Everyday, I would meet at least three nurses. Doctors from neurosurgery, orthopaedics, maxillofacial and trauma surgery (at the least) would round on me. The dietician, physical therapist and occupational therapist would determine what I eat, and how many times I get to sit up or get out of bed.

And if I survive with my sanity and limbs intact, it would be just the beginning of the long, hellish road to recovery. This, thanks to the imbecile of an idiot in the car ahead of me who was busy texting a reply while he swerved and braked suddenly to avoid the 6000QAR penalty for running a red light.

Honestly, I dread these roads. Folks, before you pick up the phone to reply to that inane, unimportant message or call, remember that you have but a pair of eyes. You may consider yourself an expert driver, but this time doesn’t necessarily have to be like the thousand times before. We have seen it far too many times. The young and healthy, the old and accomplished, the rich and poor- losing life and limb to the Road.

Trust me, having your brain matter splashed on the road, or bleeding to death in your car is not a pleasant way to go. Heck, even breaking one rib (forget the multiple fractures I spoke about here) or one tiny bone in your hand is insanely annoying.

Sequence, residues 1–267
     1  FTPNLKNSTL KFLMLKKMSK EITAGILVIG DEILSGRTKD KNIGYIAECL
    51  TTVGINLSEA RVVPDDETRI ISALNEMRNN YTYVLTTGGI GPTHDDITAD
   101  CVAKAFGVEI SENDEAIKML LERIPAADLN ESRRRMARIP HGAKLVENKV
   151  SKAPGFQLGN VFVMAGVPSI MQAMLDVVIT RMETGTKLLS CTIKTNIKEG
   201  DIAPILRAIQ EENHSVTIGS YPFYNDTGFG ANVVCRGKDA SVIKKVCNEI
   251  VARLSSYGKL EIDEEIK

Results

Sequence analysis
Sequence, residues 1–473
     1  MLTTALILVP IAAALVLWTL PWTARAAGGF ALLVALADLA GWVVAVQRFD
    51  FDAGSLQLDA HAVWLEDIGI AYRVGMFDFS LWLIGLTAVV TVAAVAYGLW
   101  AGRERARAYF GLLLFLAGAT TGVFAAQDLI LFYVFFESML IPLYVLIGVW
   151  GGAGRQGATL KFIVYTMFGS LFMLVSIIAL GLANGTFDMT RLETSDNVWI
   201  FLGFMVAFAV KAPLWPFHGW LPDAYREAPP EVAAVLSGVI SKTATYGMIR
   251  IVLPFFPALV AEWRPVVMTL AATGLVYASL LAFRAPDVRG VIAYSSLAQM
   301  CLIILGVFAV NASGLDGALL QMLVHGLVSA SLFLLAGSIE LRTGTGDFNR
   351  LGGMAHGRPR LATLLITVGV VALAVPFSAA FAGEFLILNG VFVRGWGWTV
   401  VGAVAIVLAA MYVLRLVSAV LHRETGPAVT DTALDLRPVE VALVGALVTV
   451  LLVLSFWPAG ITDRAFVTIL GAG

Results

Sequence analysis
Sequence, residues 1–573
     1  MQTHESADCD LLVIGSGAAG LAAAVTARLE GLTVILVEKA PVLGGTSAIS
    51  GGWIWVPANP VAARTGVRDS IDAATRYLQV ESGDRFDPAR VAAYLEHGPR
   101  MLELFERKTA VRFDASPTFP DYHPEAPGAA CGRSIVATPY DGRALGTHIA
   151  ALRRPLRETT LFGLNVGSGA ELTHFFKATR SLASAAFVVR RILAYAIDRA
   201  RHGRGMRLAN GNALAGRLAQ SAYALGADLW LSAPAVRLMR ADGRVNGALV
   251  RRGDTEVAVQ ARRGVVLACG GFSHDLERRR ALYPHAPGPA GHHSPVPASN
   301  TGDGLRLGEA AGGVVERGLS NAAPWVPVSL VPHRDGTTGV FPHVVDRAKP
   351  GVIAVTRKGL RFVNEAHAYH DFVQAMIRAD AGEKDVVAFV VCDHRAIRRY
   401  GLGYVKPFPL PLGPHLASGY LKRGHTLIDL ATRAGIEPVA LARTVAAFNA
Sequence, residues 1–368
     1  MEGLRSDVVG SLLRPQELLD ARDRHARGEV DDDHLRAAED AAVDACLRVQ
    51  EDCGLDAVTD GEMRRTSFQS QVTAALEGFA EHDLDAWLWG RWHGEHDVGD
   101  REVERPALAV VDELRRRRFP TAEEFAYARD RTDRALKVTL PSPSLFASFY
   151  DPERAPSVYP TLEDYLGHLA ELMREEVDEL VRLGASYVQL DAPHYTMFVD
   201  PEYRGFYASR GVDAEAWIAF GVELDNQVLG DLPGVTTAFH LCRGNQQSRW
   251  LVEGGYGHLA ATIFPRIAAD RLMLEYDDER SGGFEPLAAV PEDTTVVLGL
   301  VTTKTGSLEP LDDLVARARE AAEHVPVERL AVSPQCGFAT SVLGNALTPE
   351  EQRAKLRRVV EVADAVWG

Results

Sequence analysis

I hope I never meet any of you lovely folks in the Trauma Room.

Have a lovely and safe weekend y’all! And please, ditch the damned phone while driving. Please.


Till next time,

Dr J.

Stuff that changed my ‘getting ready’ game!

There are times when you meet someone or use something for the first time, and you are blown away. You hear bells ringing in the far background and you hear a choir hitting a high note. You think to yourself “where the hell was this all my life?!!”

Here are a few products that I have been religiously using for the past few months and now I cannot imagine how I managed without them all these years.


This is my third bottle of this truly “extraordinary” magical potion. The Loreal Elvive Extraordinary Oil  claims to be a beautifying oil for coloured hair. With UV filters too apparently.

My hair is coloured, and I’m not too sure about the efficacy of the UV filters but this light, non- greasy oil (which isn’t the least bit oily), makes my hair soft and less frizz prone. It imparts a subtle shine without it ever appearing or feeling greasy. I use it prior to and post drying/ styling my hair.